Alexander the Great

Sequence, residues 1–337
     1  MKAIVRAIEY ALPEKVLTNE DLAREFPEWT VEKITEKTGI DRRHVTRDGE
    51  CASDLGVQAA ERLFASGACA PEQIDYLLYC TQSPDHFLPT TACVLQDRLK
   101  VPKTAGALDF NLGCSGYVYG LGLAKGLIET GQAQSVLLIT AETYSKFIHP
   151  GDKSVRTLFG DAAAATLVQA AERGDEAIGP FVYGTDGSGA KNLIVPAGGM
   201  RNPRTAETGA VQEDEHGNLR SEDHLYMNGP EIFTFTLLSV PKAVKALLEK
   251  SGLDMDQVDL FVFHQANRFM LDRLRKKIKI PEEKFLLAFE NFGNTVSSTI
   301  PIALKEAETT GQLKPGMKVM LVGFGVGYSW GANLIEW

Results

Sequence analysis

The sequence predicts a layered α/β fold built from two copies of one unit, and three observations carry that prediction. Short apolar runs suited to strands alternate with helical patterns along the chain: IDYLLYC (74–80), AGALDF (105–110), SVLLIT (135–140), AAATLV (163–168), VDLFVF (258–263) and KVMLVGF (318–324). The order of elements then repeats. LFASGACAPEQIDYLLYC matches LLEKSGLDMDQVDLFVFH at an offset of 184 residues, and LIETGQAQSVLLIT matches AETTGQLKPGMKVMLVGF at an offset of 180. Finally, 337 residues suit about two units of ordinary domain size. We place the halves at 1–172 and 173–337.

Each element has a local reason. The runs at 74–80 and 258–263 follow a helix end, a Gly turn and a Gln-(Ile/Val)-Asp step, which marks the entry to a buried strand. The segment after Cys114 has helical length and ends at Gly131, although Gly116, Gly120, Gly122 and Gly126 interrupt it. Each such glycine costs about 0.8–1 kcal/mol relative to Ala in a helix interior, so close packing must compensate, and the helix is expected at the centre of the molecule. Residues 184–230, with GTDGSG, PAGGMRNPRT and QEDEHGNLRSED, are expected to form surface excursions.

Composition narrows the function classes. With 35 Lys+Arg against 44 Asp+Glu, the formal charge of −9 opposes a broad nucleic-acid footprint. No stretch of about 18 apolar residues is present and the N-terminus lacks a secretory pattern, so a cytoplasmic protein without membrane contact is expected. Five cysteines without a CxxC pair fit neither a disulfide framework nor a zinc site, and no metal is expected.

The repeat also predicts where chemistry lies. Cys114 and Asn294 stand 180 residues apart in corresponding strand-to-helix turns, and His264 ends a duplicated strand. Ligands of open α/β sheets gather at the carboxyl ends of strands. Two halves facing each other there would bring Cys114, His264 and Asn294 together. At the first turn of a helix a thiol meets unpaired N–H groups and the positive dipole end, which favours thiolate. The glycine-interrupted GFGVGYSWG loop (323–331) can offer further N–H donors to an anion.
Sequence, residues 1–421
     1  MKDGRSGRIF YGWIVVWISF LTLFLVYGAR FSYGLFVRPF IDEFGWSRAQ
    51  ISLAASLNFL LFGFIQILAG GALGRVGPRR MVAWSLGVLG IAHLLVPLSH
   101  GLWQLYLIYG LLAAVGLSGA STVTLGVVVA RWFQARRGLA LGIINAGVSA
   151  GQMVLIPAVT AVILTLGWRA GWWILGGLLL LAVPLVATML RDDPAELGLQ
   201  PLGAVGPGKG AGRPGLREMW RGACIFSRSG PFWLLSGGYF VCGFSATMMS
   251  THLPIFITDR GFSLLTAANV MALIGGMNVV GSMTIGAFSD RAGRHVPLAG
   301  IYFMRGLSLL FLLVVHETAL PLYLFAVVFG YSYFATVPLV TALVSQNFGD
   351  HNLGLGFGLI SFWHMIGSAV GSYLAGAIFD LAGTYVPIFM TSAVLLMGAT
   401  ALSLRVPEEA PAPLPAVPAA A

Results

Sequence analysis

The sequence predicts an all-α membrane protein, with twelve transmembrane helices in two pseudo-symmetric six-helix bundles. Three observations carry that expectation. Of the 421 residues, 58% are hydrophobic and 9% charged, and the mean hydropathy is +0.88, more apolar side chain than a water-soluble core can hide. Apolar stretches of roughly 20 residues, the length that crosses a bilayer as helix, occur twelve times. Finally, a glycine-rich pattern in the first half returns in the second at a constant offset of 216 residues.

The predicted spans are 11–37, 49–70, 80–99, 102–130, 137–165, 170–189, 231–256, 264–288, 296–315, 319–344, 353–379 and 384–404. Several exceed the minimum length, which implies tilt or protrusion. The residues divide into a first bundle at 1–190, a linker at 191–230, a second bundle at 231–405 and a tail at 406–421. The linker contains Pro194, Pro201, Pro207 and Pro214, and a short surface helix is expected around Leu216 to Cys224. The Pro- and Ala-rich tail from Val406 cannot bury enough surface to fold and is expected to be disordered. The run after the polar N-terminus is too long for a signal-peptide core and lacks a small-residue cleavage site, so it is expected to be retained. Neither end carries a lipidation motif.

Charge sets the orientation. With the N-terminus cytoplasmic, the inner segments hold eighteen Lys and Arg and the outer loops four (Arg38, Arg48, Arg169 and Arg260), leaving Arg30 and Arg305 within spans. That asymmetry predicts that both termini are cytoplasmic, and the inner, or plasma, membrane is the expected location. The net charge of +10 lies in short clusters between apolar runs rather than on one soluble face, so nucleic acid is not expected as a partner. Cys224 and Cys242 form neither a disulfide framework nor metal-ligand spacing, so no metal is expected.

Alexander III of Macedon (20/21 July 356 – 10/11 June 323 BC), commonly known as Alexander the Great (, Aléxandros ho Mégas from the ), was a King (Basileus) of the Ancient Greek kingdom of Macedon– Alexander the Great: “Youths of the Pellaians and of the Macedonians and of the Hellenic Amphictiony and of the Lakedaimonians and of the Corinthians… and of all the Hellenic peoples, join your fellow-soldiers and entrust yourselves to me, so that we can move against the barbarians and liberate ourselves from the Persian bondage, for as Greeks we should not be slaves to barbarians.” Pseudo-Kallisthenes, Historia Alexandri Magni, 1.15.1-4 – Alexander the Great: “Now you fear punishment and beg for your lives, so I will let you free, if not for any other reason so that you can see the difference between a Greek king and a barbarian tyrant, so do not expect to suffer any harm from me. A king does not kill messengers.” Historia Alexandri Magni of Pseudo-Kallisthenes, 1.37.9-13 – Alexander the Great addressing his troops prior to the Battle of Issus: “There are Greek troops, to be sure, in Persian service — but how different is their cause from ours! They will be fighting for pay – and not much of at that; we, on the contrary, shall fight for Greece, and our hearts will be in it.” Anabasis Alexandri by Roman historian Arrian, Book II, 7 – Alexander’s letter to Persian king Darius in response to a truce plea: “Your ancestors came to Macedonia and the rest of Hellas (Greece) and did us great harm, though we had done them no prior injury. I have been appointed leader of the Greeks, and wanting to punish the Persians I have come to Asia, which I took from you.” Anabasis Alexandri by Arrian; translated as Anabasis of Alexander by P. A. Brunt, for the “Loeb Edition” Book II 14, 4 – Alexander the Great: “If it were not my purpose to combine barbarian things with things Hellenic (Greek), to traverse and civilize every continent, to search out the uttermost parts of land and sea, to push the bounds of Macedonia to the farthest Ocean, and to disseminate and shower the blessings of the Hellenic justice and peace over every nation, I should not be content to sit quietly in the luxury of idle power, but I should emulate the frugality of Diogenes. But as things are, forgive me Diogenes, that I imitate Herakles, and emulate Perseus, and follow in the footsteps of Dionysos, the divine author and progenitor of my family, and desire that victorious Hellenes should dance again in India and revive the memory of the Bacchic revels among the savage mountain tribes beyond the Kaukasos.” On the Fortune of Alexander by Plutarch, 332 a-b – Alexander addressing the dead Hellenes (the Athenian and Thebean Greeks) of the Battle of Chaeronea: “Holy shadows of the dead, I’m not to blame for your cruel and bitter fate, but the accursed rivalry which brought sister nations and brother people, to fight one another. I do not feel happy for this victory of mine. On the contrary, I would be glad, brothers, if I had all of you standing here next to me, since we are united by the same language, the same blood and the same visions.” Historiae Alexandri Magni by Quintus Curtius Rufus – Alexander I of Macedon, ancestor of Alexander the Great, member of the Argead dynasty: “Tell your king (Xerxes), who sent you, how his Greek viceroy of Macedonia has received you hospitably.” Herodotus, Histories, 5.20.4, Loeb – Alexander I of Macedon, ancestor of Alexander the Great, member of the Argead dynasty, when he was admitted to the Olympic games: “Men of Athens… In truth I would not tell it to you if I did not care so much for all Hellas; I myself am by ancient descent a Greek, and I would not willingly see Hellas change her freedom for slavery. I tell you, then, that Mardonius and his army cannot get omens to his liking from the sacrifices. Otherwise you would have fought long before this. Now, however, it is his purpose to pay no heed to the sacrifices, and to attack at the first glimmer of dawn, for he fears, as I surmise, that your numbers will become still greater. Therefore, I urge you to prepare, and if (as may be) Mardonius should delay and not attack, wait patiently where you are; for he has but a few days’ provisions left. If, however, this war ends as you wish, then must you take thought how to save me too from slavery, who have done so desperate a deed as this for the sake of Hellas in my desire to declare to you Mardonius’ intent so that the barbarians may not attack you suddenly before you yet expect them. I who speak am Alexander the Macedonian.” Herodotus, Histories, 9.45 (ed. A. D. Godley) – Ian Worthington, English historian and archaeologist: “Not much need to be said about the Greekness of ancient Macedonia: it is undeniable.” Ian Worthington, Philip II of Macedonia, Yale University Press, 2008 – Ulrich Wilcken: “When we take into account the political conditions, religion and morals of the Macedonians, our conviction is strengthened that they were a Greek race and akin to the Dorians. Having stayed behind in the extreme north, they were unable to participate in the progressive civilization of the tribes which went further south.” Ulrich Wilcken, Alexander the Great, p. 22 – Strabo: “And Macedonia, of course, is a part of Greece.” Strabo. VII, Frg. 9 (Loeb, H.L. Jones) – Herodotus: “Now that these descendants of Perdiccas (Perdiccas I of Macedon, King of Macedonia from about 700 BCE to about 678 BCE) are Greeks, as they themselves say, I myself chance to know and will prove it in the later part of my history.” Herodotus, Book 5, Ch. 22, 1 (Loeb) – Josephus: “And when the book of Daniel was showed to Alexander the Great, where Daniel declared that one of the Greeks should destroy the empire of the Persians, he supposed that himself was the person intended; and as he was then glad, he dismissed the multitude for the present.” Josephus 11.8.5 – Arrian: “There a man appeared to them wearing a Greek cloak and dressed otherwise in the Greek fashion, and speaking Greek also. Those Macedonians who first sighted him said that they burst into teers, so strange did it seem after all these miseries to see a Greek, and to hear Greek spoken.” Arrian: Anabasis Alexandri: Book VIII (Indica) – Titus Livius: “The Aitolians, the Akarnanians, the Macedonians, men of the same speech, are united or disunited by trivial causes that arise from time to time; with aliens, with barbarians, all Greeks wage and will wage eternal war; for they are enemies by the will of nature, which is eternal, and not from reasons that change from day to day.” Titus Livius, Liber XXXI, 29, 15 – David H. Levinson: “It should be noted that there is no connection between the Macedonians of the time of Alexander the Great who were related to other Hellenic tribes and the Macedonians of today, who are of Slavic Origin and related to the Bulgarians.” Encyclopedia of World Cultures (1991), by David H. Levinson, page 239. – Nicholas Hammond: “Philip was born a Greek of the most aristocratic, indeed of divine, descent… Philip was both a Greek and a Macedonian, even as Demosthenes was a Greek and an Athenian… The Macedonians over whom Philip was to rule were an outlying family member of the Greek-speaking peoples.” Nicholas Hummond, Philip of Macedon, Duckworth Publishing, 1998 – Nicholas Hammond: “All in all, the language of the Macedones was a distinct and particular form of Greek, resistant to outside influnces and conservative in pronunciation. It remained so until the fourth century when it was almost totally submerged by the flood tide of standardized Greek.” Nicholas Hummond, A History of Macedonia Vol ii, 550-336 BC – Nicholas Hammond: “As members of the Greek race and speakers of the Greek language, the Macedonians shared in the ability to initiate ideas and create political forms.” Nicholas Hummond, The Miracle that was Macedonia, 1992, p. 206 – M. Opperman, The Oxford Classical Dictionary 3rd ed. (1996) – Macedonia, Cults, page 905: “Nowadays historians generally agree that the Macedonian ethnos form part of the Greek ethnos; hence they also shared in the common religious and cultural features of the Hellenic world” – Robin Lane Fox: 1) “Alexander was still the Greek avenger of Persian sacrilege who told his troops, it was said ‘that Persepolis was the most hateful city in the world’. On the road there, he met with the families of Greeks who had deported to Persia by previous kings, and true to his slogan, he honoured them conspicuously, giving them money, five changes of clothing, farm animals, corn, a free passage home, and exemption from taxes and bureaucratic harassments.” p. 256,2) “To his ancestors (to a Persian’s ancestors) Macedonians were only known as ‘yona takabara’, the ‘Greeks who wear shields on their heads’, an allusion to their broad-brimmed hats.” p. 104,3) “Alexander was not the first Greek to be honoured as a god for political favour.” p. 131,4) “In spirit, Alexander made a gesture to the Lydians’ sensitivities, though his Greek crusade owed them nothing as they were not Greeks.” p. 128. Robin Lane Fox, Alexander the Great, Penguin Books, UK, 1997 – Katheryn A. Bard: “The Macedonians were originally one of several Greek tribes living on the northern frontier of the Hellenic world.” Katheryn A. Bard, Encyclopaedia of the Archaeology of Ancient Egypt, Taylor & Francis, 1999, p. 460. – Benjamin Ide Wheeler: “That the Macedonians were Greek by race there can be no longer any doubt. They were the northernmost fragments of the race left stranded behind the barriers.” Benjamin Ide Wheeler, Alexander the Great: The Merging of East and West in Universal History, Elibron Classics, 2011 and a member of the Argead dynasty. Born in Pella in 356 BC, Alexander succeeded his father, Philip II, to the throne at the age of twenty. He spent most of his ruling years on an unprecedented military campaign through Asia and northeast Africa, until by the age of thirty he had created one of the largest empires of the ancient world, stretching from Greece to Egypt and into northwest India. He was undefeated in battle and is considered one of history’s most successful military commanders. During his youth, Alexander was tutored by the philosopher Aristotle until the age of 16. When he succeeded his father to the throne in 336 BC, after Philip was assassinated, Alexander inherited a strong kingdom and an experienced army. He had been awarded the generalship of Greece and used this authority to launch his father’s Panhellenic project to lead the Greeks in the conquest of Persia. In 334 BC, he invaded the Achaemenid Empire, ruled Asia Minor, and began a series of campaigns that lasted ten years. Alexander broke the power of Persia in a series of decisive battles, most notably the battles of Issus and Gaugamela. He subsequently overthrew the Persian King Darius III and conquered the entirety of the First Persian Empire. At that point, his empire stretched from the Adriatic Sea to the Indus River. Seeking to reach the “ends of the world and the Great Outer Sea”, he invaded India in 326 BC, but was eventually forced to turn back at the demand of his troops. Alexander died in Babylon in 323 BC, the city he planned to establish as his capital, without executing a series of planned campaigns that would have begun with an invasion of Arabia. In the years following his death, a series of civil wars tore his empire apart, resulting in several states ruled by the Diadochi, Alexander’s surviving generals and heirs. Alexander’s legacy includes the cultural diffusion his conquests engendered, such as Greco-Buddhism. He founded some twenty cities that bore his name, most notably Alexandria in Egypt. Alexander’s settlement of Greek colonists and the resulting spread of Greek culture in the east resulted in a new Hellenistic civilization, aspects of which were still evident in the traditions of the Byzantine Empire in the mid-15th century and the presence of Greek speakers in central and far eastern Anatolia until the 1920s. Alexander became legendary as a classical hero in the mold of Achilles, and he features prominently in the history and myth of Greek and non-Greek cultures. He became the measure against which military leaders compared themselves, and military academies throughout the world still teach his tactics. He is often ranked among the world’s most influential people of all time, along with his teacher Aristotle.